Business & Real Estate

Chasing a moonshot: LA venture capitalists fund companies seeking to change world for better

Future Ventures co-founders Steve Jurvetson and Maryanna Saenko finalized their 10th investment last month, with the venture capitalists drawing from their $200 million inaugural fund.

Well versed in aerospace innovations, the Los Altos-based team is now seeking out every conceivable sector generating tech “unlike anything they’ve ever seen before,” Jurvetson said.

According to Saenko, Future Ventures only invests in companies committed to fostering positive change without “preying on people’s frailties and fears, addiction and so on.”

Maryanna Saenko

“We don’t do much in consumer (sectors),” Jurvetson said.

“Right,” Saenko replied, laughter echoing through their 465 First St. conference room, adorned with space paraphernalia from various Apollo missions.

Launched in February after approximately three months of raising capital, Future Ventures’ recent investments include SpaceX, Boring, Comonwealth Fusion and Medcorder. Jurvetson’s LinkedIn profile reveals he serves on the boards of SpaceX and Tesla.

Odd mix of ‘weird bits’

Saenko listed a range of industries Future Ventures has backed, including an “off-the-wall” assortment of companies offering nuclear fusion, neural implants, medical recording apps and security systems for edge devices. All of the up-and-coming fields are foreign yet familiar; Jurvetson described them as “adjacent” to confirmed evolutionary developments.

“It means that we are on the lookout for something that will surprise us that’s at the edge of what was formerly understood,” Jurvetson said, citing another investment, Berkeley-based Memphis Meats, as an example.

Established in 2015 by cardiologist Uma Valeti, Memphis Meats grows cells for reproduction. Currently small scale and not yet a cheaper option, Jurvetson said, Memphis Meats’ mission is to lower the amount of land, water, power and chemicals necessary for the cycle of meat production.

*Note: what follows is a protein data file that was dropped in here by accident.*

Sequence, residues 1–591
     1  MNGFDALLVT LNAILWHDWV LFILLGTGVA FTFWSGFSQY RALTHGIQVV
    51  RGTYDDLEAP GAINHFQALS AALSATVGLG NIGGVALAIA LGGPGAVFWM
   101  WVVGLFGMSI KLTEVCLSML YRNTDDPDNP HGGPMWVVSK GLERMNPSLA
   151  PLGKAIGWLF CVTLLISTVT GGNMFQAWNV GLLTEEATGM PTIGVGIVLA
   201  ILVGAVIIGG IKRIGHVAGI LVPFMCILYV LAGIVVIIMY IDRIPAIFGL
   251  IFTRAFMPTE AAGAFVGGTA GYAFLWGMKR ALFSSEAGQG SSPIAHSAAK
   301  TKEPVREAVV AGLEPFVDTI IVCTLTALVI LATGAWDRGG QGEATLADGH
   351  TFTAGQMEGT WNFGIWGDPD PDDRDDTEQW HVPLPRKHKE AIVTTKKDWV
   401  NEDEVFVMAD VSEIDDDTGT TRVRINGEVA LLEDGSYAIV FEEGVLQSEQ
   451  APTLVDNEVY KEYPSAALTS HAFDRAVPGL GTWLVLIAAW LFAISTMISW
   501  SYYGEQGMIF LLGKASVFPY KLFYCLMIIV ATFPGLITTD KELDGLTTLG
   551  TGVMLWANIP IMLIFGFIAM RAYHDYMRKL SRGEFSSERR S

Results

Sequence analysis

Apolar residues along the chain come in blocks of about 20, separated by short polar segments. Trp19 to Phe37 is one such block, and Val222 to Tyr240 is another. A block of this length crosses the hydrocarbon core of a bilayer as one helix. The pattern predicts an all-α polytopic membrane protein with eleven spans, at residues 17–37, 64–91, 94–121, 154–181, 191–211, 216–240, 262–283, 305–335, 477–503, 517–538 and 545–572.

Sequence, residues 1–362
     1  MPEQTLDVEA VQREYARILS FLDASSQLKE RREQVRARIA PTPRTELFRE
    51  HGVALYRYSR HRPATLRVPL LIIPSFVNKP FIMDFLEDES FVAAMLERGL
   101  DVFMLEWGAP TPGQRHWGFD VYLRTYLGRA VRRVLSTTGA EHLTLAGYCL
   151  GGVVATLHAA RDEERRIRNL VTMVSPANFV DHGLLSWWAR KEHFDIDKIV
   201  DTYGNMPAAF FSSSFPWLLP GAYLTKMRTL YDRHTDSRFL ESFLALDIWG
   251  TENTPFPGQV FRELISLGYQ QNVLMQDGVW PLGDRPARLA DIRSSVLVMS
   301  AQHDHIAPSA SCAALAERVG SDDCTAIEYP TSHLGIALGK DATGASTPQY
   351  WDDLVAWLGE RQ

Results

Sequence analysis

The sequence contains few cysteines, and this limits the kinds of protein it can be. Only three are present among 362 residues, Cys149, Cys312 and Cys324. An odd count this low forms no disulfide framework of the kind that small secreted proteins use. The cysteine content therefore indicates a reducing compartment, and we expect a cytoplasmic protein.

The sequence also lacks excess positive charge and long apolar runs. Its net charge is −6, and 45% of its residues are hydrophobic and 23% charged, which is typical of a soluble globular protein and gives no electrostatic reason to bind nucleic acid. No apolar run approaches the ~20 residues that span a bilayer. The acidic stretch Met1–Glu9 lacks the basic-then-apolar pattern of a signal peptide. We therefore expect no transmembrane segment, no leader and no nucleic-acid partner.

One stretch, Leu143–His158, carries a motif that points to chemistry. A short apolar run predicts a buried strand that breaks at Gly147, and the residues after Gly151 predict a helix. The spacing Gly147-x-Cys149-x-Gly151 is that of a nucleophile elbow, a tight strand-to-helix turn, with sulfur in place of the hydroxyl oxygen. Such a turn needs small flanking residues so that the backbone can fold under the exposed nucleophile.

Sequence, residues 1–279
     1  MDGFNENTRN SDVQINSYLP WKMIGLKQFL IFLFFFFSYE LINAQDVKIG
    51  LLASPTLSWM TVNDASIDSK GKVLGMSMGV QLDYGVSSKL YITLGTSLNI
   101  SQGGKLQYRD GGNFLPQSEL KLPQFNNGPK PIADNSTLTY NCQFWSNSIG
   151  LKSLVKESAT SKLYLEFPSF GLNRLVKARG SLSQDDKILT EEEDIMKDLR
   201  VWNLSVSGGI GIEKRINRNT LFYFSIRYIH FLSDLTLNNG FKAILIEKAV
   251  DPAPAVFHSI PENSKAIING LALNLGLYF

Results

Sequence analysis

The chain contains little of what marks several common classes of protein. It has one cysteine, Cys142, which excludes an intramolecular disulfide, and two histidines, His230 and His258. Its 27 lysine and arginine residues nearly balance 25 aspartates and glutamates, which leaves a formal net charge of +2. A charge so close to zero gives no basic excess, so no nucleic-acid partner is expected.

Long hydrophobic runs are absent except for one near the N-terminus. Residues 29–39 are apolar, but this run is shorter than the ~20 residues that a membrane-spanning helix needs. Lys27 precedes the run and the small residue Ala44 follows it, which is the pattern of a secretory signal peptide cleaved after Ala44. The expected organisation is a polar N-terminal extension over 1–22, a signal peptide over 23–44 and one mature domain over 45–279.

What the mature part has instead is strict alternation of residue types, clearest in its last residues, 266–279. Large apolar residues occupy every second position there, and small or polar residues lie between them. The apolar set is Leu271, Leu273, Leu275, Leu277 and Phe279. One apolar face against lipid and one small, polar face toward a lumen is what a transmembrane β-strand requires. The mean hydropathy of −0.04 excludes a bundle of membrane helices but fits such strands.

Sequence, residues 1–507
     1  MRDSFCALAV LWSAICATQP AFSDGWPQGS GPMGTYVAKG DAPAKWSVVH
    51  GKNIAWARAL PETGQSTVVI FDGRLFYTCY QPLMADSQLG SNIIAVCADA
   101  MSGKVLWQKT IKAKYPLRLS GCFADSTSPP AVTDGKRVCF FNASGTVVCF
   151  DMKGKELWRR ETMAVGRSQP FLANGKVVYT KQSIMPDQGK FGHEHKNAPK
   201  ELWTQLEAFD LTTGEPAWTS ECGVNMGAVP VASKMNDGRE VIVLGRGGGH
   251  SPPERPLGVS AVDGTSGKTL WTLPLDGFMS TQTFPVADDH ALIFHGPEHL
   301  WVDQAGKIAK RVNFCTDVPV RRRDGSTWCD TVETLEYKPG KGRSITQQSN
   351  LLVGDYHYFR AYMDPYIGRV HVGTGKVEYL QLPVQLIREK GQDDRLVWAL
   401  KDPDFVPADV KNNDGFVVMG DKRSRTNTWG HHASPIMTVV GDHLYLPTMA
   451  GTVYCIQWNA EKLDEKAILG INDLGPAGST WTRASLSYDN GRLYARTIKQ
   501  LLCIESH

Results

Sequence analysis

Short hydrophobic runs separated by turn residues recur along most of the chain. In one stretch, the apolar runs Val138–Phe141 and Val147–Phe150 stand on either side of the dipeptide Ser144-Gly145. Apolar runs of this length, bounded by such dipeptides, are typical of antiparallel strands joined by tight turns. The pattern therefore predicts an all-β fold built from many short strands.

“If they succeed, they’ll change the landscape physically and metaphorically for the planet,” he said. “If they don’t, we’re in deep trouble. … We go on and on about what the world looks like if we don’t find alternatives.”

Although approximately two decades Jurvetson’s junior, Saenko said their stories are “frighteningly similar.” Both studied engineering and pursued their doctorates, only to decide it was not right for them. After dropping out, each explored new frontiers: Jurvetson worked on chip designs later fabricated at Hewlett-Packard, while Saenko became a scientist. Their experiences were fruitful during an impressionable time in their professional lives, Jurvetson and Saenko agreed, but they moved on to consulting, where they discovered an interest in working with those involved in venture capitalism.


Saenko worked at Draper Fisher Jurvetson, where she met Jurvetson. He had come into contact with many venture capitalists by that point, Jurvetson noted, but none shared the sense of “serendipity” he found in helping society and investing in “things that matter” like Saenko did. It helped that they had the same niche interests, Saenko added, and enjoyed “bouncing around wild ideas with the most passionate people you’ll ever meet.”

“There was a mutual feeling of like, ‘Wow, where did she come from?’ when we first met,” Jurvetson said of Saenko. “Each of us had independently found and invested in similar sectors that were so unlike what anyone else is doing, like quantum computing.”

“It was the oddest mix of, ‘Oh, you like all the weird bits, too,’” Saenko said.

Home base

Los Altos is not the hub of venture capitalism in Silicon Valley; most VC firms have set up shop on Sand Hill Road in Menlo Park, in the South of Market and North Beach neighborhoods of San Francisco or even in neighboring Palo Alto. But Jurvetson said Future Ventures’ office space in downtown Los Altos is anchored by Interstate 280, making meetings easy for prospective clients. He speculated that highway proximity may have been the factor that turned Sand Hill Road into a VC home base, too.

Beyond the location and the ability to turn the space into what they imagined – Jurvetson’s artifacts decorate his office, while Saenko slung a hammock between two steel poles in hers – the business partners like the idea that they might be the only ones in the area “with such high aspirations … to do something that seems impossible,” Jurvetson said.

“We wanted to be a little different,” he added.

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